In Tennessee, the “primary residential parent” means the parent with whom the child resides more than 50% of the time. In most cases, the primary residential parent will have the child much more than 50% of the time.  Often, the child is with the primary residential parent almost all of the time, except for every other weekend, holidays, and special events.

Most parenting plans will read: “Each parent will make decisions regarding the day-to-day care and control of each child while the child is residing with that parent.” Because most parenting decisions fall under the “day-to-day” designation, the determination of primary residential parent is important in determining how the child will be raised.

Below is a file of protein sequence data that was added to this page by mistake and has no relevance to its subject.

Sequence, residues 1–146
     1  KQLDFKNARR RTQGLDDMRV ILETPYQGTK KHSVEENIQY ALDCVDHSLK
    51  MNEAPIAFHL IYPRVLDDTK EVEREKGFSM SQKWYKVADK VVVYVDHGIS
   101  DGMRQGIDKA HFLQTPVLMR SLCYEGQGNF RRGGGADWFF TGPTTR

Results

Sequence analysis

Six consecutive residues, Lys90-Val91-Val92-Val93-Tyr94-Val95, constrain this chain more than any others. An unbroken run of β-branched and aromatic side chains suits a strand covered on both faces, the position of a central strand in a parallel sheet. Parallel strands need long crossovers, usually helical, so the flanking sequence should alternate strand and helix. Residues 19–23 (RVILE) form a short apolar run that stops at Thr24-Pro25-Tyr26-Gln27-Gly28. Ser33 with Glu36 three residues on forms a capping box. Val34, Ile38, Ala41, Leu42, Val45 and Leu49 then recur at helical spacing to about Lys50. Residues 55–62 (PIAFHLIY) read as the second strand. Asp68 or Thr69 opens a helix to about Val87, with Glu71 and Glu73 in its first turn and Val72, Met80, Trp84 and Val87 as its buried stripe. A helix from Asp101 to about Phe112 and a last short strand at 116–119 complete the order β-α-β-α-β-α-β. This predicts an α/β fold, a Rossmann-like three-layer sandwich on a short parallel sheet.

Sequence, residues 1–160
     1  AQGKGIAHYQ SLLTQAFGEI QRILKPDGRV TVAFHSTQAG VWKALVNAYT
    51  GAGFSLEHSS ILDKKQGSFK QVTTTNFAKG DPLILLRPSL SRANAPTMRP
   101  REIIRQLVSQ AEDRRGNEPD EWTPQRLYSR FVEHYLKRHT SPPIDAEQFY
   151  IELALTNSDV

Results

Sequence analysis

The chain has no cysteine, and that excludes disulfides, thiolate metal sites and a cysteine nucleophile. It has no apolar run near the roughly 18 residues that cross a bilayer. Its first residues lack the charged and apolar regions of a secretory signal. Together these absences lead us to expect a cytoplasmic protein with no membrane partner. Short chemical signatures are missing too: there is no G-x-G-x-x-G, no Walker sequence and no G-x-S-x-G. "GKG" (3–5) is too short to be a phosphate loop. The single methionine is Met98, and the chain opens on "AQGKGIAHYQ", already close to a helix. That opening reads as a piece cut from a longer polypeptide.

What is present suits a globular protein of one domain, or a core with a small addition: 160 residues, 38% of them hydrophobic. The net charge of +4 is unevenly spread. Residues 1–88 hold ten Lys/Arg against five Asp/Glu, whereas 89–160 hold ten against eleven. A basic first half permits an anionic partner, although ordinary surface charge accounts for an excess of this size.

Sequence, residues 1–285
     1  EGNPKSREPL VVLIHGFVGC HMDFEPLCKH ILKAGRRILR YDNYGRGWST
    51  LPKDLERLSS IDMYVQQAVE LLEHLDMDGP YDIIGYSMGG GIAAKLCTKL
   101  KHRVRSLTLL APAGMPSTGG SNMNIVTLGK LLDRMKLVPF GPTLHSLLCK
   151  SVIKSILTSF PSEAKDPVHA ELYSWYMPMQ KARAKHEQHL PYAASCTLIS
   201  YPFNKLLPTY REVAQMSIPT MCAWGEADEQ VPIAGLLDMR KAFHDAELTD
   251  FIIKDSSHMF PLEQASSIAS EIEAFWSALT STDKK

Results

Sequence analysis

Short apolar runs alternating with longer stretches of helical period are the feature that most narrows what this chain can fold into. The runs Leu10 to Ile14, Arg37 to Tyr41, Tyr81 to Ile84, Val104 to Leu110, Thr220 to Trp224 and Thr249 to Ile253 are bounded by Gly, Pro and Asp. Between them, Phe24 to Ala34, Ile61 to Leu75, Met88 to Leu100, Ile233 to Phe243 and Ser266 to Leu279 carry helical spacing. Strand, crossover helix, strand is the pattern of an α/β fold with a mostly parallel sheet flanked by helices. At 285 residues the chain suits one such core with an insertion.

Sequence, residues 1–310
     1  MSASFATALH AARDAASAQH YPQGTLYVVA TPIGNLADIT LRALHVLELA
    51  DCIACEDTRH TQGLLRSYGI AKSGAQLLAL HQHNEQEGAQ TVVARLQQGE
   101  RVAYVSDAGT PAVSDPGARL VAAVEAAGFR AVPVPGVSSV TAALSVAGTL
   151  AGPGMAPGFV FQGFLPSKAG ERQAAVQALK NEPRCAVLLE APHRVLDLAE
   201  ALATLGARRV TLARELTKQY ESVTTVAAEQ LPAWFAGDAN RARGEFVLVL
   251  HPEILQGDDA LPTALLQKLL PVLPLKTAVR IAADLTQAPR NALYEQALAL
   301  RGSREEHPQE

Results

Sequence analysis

The term “custodial parent” under the old law is not exactly the same as “primary residential parent” under the new law. Under prior law, “custodial parent” generally meant the parent who exercised final decision-making authority and the parent with whom the child primarily resided. Under the new parenting plan law, these concepts are split. Final decision-making authority is separate from residential time and can be distributed by topic, such as education or religious training.


In deciding which parent will be the primary residential parent, what factors will the court take into account?

Tennessee Child Custody Laws in Divorce

Tennessee Child Custody Laws in Divorce